Over the last two years, U.S. banks and government agencies have enjoyed a notable respite from malicious Iranian cyber activity. The timing of this drop-off happens to coincide with the signing of the nuclear deal with Iran in 2015.
Now with U.S. President Donald Trump threatening to walk away from the nuclear deal, cybersecurity experts say it is likely Iran could resume its attacks against Western targets should Trump actually follow through with his threat.
“The story that I’m concerned about now is if the nuclear deal were to fall apart or get rescinded, what would be Iran’s reaction and what would they consider effective retribution against Western targets?” said Adam Meyers, vice president of intelligence at CrowdStrike, a cybersecurity company.
It remains uncertain which approach Trump will take, but whichever way he decides to go, his decision on the nuclear deal will not be made in a vacuum. There could be unintended consequences, particularly in the cyber domain, involving U.S. financial and corporate interests.
For now, the Trump administration is full of mixed messages. As recently as August, the president claimed Iran was not in compliance with the agreement, known as the Joint Comprehensive Plan of Action (JCPOA), but Chairman of the Joint Chiefs of Staff Gen. Joseph Dunford testified to Congress last week that Iran is fulfilling its requirements. He even said the agreement seems to be working.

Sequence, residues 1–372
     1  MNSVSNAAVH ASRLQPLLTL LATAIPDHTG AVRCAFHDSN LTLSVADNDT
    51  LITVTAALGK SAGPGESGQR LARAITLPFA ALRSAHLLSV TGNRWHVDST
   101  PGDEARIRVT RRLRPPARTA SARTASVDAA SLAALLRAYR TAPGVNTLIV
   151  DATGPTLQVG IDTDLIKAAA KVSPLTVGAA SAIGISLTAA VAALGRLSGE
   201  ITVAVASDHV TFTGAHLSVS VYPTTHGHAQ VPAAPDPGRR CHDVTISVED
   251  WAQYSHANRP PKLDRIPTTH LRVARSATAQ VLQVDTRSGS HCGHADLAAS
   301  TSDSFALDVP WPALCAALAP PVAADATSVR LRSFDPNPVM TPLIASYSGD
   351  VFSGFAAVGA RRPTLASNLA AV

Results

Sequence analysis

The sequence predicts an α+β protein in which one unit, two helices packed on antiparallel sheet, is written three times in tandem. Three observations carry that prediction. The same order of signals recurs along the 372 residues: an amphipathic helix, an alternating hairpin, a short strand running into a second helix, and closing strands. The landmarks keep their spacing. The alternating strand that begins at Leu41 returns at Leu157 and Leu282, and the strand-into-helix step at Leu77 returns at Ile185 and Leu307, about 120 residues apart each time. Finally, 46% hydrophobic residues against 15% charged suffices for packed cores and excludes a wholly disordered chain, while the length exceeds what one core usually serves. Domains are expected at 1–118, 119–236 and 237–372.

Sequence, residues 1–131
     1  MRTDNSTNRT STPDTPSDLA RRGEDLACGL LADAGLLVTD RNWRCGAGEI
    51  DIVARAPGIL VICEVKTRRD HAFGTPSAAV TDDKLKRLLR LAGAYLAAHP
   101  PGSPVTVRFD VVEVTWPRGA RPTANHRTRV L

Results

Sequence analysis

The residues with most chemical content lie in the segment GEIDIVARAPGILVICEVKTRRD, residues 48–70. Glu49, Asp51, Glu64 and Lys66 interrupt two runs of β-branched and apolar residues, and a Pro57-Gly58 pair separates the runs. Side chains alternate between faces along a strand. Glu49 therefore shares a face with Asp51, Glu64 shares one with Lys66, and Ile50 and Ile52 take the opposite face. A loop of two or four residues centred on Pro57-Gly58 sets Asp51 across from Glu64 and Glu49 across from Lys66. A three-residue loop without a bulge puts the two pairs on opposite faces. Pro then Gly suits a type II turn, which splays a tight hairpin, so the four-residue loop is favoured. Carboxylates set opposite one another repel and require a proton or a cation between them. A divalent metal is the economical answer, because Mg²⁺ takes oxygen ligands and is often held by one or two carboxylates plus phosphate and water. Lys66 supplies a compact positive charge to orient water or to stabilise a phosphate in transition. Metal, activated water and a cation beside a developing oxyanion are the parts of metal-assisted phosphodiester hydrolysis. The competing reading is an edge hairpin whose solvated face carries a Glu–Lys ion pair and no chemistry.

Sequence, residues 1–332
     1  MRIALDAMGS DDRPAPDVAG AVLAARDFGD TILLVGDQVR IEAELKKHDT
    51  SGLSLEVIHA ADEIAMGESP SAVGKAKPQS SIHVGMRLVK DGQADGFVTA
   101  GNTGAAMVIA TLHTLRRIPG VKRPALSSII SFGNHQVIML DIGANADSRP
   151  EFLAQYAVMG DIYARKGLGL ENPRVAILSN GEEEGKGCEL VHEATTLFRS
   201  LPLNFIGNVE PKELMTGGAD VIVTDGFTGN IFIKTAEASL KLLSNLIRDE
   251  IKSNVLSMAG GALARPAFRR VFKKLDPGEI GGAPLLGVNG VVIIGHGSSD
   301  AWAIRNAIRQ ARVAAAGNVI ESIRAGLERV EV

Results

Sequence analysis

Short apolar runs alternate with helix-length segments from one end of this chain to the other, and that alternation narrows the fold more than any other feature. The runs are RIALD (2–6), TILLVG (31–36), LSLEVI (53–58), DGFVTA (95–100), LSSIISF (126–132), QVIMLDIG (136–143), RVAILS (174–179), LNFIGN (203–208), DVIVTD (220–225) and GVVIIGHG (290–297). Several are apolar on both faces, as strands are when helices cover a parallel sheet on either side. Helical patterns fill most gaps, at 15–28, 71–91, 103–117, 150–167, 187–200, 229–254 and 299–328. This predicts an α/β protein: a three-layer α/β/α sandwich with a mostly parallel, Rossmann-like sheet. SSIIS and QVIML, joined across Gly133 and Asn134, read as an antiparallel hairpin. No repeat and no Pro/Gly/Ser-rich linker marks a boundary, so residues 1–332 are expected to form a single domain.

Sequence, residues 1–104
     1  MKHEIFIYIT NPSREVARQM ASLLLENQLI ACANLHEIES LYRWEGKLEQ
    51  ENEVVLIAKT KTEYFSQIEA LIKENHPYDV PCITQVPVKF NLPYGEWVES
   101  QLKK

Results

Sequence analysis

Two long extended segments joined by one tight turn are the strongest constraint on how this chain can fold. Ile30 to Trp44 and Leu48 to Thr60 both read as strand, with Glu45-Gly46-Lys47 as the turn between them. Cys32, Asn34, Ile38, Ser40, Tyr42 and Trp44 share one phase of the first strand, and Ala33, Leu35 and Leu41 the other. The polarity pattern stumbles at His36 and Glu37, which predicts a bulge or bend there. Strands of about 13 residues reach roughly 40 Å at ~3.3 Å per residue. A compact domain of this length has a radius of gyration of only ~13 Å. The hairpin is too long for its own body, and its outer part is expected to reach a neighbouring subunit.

“The JCPOA has delayed Iran’s development of nuclear weapons,” he said in response to written questions from the Senate Armed Services Committee.
Meanwhile, Trump continues to trash the pact. “The Iran deal was one of the worst and most one-sided transactions the United States has ever entered into,” he said on Sept. 19 at the United Nations General Assembly. “Frankly, that deal is an embarrassment to the United States, and I don’t think you’ve heard the last of it — believe me.”
But behind the scenes, his administration continues to take actions that uphold the deal. Earlier this month, it renewed sanctions relief for Iran, a move that signaled Trump may no longer be looking to blow up the deal.
His administration has until Oct. 15 to notify Congress whether Iran is keeping up its end of the bargain. Trump previously re-certified Iran’s compliance with the deal in July, and Secretary of State Rex Tillerson is reportedly urging the president to do so again.
While the world waits to see what Trump will ultimately do, cybersecurity companies are watching for a potential change in activity from Iran, which has matured its offensive cyber capabilities over the last few years through lots of practice in its regional backyard.
Before the nuclear deal was signed in July 2015, cyberattacks between Iran and the West were front-page news. First, there was the discovery of Stuxnet, a top-secret cyber weapon reportedly developed by the United States and Israel, which was used to sabotage Iran’s Natanz uranium enrichment plant.